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Neurons of the trigeminal main sensory nucleus participate in the generation of rhythmic motor patterns

Authors

  • A. Tsuboi,

    1. Faculty of Dentistry, McGill University, Montréal, Québec H3A 2B2, CANADA and Centre de recherche en sciences neurologiques, Université de Montréal, Montréal, Québec H3C 3J7, Canada
    2. Division of Stomatognathic Physiology and Prosthodontics, Tohoku University Graduate School of Dentistry, Sendai, 980-8575, Japan
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  • A. Kolta,

    1. Faculty of Dentistry, McGill University, Montréal, Québec H3A 2B2, CANADA and Centre de recherche en sciences neurologiques, Université de Montréal, Montréal, Québec H3C 3J7, Canada
    2. Faculté de Médecine dentaire, Université de Montréal, Montréal, Québec H3C 3J7, Canada
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  • C. C. Chen,

    1. Faculty of Dentistry, McGill University, Montréal, Québec H3A 2B2, CANADA and Centre de recherche en sciences neurologiques, Université de Montréal, Montréal, Québec H3C 3J7, Canada
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  • J. P. Lund

    1. Faculty of Dentistry, McGill University, Montréal, Québec H3A 2B2, CANADA and Centre de recherche en sciences neurologiques, Université de Montréal, Montréal, Québec H3C 3J7, Canada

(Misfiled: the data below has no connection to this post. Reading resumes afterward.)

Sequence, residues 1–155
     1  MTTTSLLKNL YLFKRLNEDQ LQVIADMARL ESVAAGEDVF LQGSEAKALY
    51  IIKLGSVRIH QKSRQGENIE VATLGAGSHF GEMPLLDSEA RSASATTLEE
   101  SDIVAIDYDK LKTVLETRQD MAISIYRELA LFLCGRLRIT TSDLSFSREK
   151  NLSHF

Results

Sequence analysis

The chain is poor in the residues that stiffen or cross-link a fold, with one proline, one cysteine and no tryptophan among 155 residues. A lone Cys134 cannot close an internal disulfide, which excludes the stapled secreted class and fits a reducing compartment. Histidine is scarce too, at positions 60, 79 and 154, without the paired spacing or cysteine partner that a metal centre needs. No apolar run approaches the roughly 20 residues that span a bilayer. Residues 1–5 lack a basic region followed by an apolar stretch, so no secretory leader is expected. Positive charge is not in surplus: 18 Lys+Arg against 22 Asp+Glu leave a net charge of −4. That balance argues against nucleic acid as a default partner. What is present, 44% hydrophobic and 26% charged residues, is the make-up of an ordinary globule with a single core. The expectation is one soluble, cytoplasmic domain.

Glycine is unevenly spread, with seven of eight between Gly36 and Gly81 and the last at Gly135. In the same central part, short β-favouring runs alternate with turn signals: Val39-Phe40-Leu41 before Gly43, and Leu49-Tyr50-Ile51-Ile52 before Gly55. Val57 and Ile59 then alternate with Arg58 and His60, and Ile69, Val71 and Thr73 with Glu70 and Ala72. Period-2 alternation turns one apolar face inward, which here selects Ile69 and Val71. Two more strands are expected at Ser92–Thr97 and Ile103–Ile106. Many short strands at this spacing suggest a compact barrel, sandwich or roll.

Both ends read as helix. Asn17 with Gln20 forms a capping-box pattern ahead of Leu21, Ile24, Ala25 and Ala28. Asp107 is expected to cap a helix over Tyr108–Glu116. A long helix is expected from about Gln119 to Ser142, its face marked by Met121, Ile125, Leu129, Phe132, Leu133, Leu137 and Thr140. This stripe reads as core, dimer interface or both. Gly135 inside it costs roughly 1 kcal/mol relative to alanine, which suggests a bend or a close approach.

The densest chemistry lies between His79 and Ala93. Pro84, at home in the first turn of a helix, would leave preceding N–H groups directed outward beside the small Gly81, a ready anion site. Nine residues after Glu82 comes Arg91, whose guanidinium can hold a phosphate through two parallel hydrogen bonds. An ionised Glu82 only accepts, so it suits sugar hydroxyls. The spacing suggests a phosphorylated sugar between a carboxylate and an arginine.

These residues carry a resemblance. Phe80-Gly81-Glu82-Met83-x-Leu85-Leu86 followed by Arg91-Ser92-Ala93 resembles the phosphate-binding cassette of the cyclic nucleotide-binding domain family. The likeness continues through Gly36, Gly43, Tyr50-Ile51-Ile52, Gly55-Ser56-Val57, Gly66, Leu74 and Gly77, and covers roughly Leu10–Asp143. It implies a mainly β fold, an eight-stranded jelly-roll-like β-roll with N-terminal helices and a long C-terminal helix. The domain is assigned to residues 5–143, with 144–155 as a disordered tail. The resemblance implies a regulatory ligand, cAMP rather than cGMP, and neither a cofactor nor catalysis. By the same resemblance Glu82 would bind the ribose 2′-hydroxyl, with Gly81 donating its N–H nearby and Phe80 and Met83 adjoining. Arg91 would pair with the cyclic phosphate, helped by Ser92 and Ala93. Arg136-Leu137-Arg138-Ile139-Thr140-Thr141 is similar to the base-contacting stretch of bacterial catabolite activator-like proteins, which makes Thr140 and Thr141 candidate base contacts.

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: Dr J. P. Lund, 1Faculty of Dentistry, as above.
E-mail: james.lund@mcgill.ca

Abstract

The trigeminal principal sensory nucleus (NVsnpr) contains both trigemino-thalamic neurons and interneurons projecting to the reticular formation and brainstem motor nuclei. Here we describe the inputs and patterns of firing of NVsnpr neurons during fictive mastication in anaesthetized and paralysed rabbits to determine the role that NVsnpr may play in patterning mastication. Of the 272 neurons recorded in NVsnpr, 107 changed their firing patterns during repetitive stimulation of the left or right sensorimotor cortex to induce fictive mastication. Thirty increased their firing tonically. Seventy-seven became rhythmically active, but only 31 fired in phase with mastication. The others discharged in bursts at more than twice the frequency of trigeminal motoneurons. Most rhythmic masticatory neurons were concentrated in the dorsal part, and those which fired during the jaw closing phase of the cycle were confined to the anterior pole of the nucleus. Most of these cells had inputs from muscle spindle afferents, whereas most of those firing during jaw opening had inputs from periodontal receptors. Non-masticatory rhythmical neurons had receptive fields on the lips and face. The majority of rhythmical masticatory units were modulated during fictive mastication evoked by both the left and right cortices and only four changed their phase of firing when switching from one cortex to the other. When coupled with the finding that NVsnpr neurons exhibit spontaneous bursting in vitro[Sandler et al. (1998) Neuroscience, 83, 891], the results described here suggest that neurons of dorsal NVsnpr may form the core of the central pattern generator for mastication.

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